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The Heisenberg principle states that we cannot ascertain simultaneously the position or momentum of any small particle. However slight, is there a chance that 2 or more electrons from the same or different orbitals may collide and lose energy thereby destabilizing the atom,or is there a way to determine that an electron never comes in proximity of another electron with enough kinetic energy to actually smash into it?

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There is no such thing as classical motion of an electron in an atom.

The quantum states electrons in an atom are in are atomic orbitals, which possess a definite energy, but not a definite position. The Bohr model of the electron, in which electrons are thought of as classical particles orbiting the nucleus, is false. The question whether or not two electrons in an atom can collide does therefore not make sense.

The electrons do, however, interact, mainly by the "inner" electrons screening the nucleus' charge for the "outer" electrons. Interaction is all that happens quantum mechanically, the notion of collision is meaningless.

There is a notion of "scattering" or "collision" in quantum mechanics, where two objects briefly have a localized interaction and then separate again, but electrons inside an atom do not scatter off each other in this sense.

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  • $\begingroup$ "but electrons inside an atom do not scatter off each other in this sense.", can you please tell me why not? We do have electron-electron scattering. "High energy electron-electron colliding beam history begins in 1956 when K. O'Neill of Princeton University became interested in high energy collisions, and introduced the idea of accelerator(s) injecting into storage ring(s)." en.wikipedia.org/wiki/Electron_scattering $\endgroup$ Feb 20, 2021 at 16:57
  • $\begingroup$ @ÁrpádSzendrei As I wrote, scattering involves the particles separating again after a brief interaction. The electrons in an atom are bound to the atom and continuously interact without leaving the atom, so this is not "scattering". $\endgroup$
    – ACuriousMind
    Feb 20, 2021 at 17:49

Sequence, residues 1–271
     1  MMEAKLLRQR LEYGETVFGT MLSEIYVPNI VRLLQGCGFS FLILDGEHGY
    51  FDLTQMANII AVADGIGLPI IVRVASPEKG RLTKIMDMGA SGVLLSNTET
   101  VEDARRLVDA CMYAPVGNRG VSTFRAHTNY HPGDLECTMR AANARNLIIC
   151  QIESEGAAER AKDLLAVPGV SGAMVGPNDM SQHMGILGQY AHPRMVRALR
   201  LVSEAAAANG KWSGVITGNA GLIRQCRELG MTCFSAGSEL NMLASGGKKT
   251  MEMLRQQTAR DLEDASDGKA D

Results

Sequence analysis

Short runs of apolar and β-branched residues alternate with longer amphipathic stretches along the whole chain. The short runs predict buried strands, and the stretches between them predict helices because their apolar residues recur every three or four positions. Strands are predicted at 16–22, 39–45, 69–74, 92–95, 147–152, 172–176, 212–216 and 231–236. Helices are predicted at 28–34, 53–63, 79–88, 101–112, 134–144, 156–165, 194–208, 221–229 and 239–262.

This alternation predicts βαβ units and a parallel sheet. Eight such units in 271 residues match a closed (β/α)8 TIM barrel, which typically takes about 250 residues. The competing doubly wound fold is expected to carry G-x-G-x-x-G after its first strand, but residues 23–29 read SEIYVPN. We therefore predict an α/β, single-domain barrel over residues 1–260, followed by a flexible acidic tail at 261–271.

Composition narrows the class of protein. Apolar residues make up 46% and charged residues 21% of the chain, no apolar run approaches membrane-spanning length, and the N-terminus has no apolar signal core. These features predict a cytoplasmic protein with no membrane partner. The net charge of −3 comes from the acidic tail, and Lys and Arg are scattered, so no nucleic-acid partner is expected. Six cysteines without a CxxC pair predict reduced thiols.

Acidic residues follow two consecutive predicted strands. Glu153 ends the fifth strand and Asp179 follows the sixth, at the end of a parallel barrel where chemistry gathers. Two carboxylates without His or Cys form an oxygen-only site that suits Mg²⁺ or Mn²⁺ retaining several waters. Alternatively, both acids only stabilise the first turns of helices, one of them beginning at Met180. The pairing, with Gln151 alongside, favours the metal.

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A non-quantam mechanic answer - would be

electrostatic repulsions (b/w -vely charged electrons) would prevent it and give them definite paths which don't intersect.

Even if they move with 0.3c they can't comes much nearer than 4 fm.

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before E it was thought by many that the model for the Atom was one of vibrational content. For this model to work, it requires the electrons moving at near the speed of light giving the illusion of being solid.It would explain their attratcive nature for each other... they have to be creating a small virbational field that move around the atom creating wave like fields around it, hence it has a north pole and south pole, with north and south poles bonding and creating a bigger field around them. It is kind of like human relationships should be, give and take, when one gives the other is in need and takes and then the roles reverse as they vibrate. one of the problems with this model is electron eollisions... maybe all the electrons are clumping together as to not collide...a few things are for certain with this model, there has to be unison with their movement, which the electron microscope is scattering with the frequency changes it induces. But like everything harmony always wins over chaos and the electrons come back together immediately creating its vibrational content so it continues bonding.

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Why don't electrons collide among themselves

Because they aren't anything like billiard balls. Check out the wave nature of matter. And take a look at the Wikipedia atomic orbitals article: "The electrons do not orbit the nucleus in the sense of a planet orbiting the sun, but instead exist as standing waves".

The Heisenberg principle states that we cannot ascertain simultaneously the position or momentum of any small particle.

See this in the Wikipedia article: "It has since become clear, however, that the uncertainty principle is inherent in the properties of all wave-like systems, and that it arises in quantum mechanics simply due to the matter wave nature of all quantum objects". Don't think of an electron as something small. It isn't some speck that has a field. Instead think standing wave, standing field. The electron is field, and it doesn't end a micron from the middle. Always remember this: it's quantum field theory, not quantum point-particle theory.

However slight, is there a chance that 2 or more electrons from the same or different orbitals may collide and lose energy thereby destabilizing the atom

No. Like rmhleo said, the Pauli exclusion principle prevents this. For an analogy, think of whirlpools. They don't overlap, and they don't crash into each other like billiard balls.

or is there a way to determine that an electron never comes in proximity of another electron with enough kinetic energy to actually smash into it?

Notwithstanding the above, there are electron colliders where this does happen.

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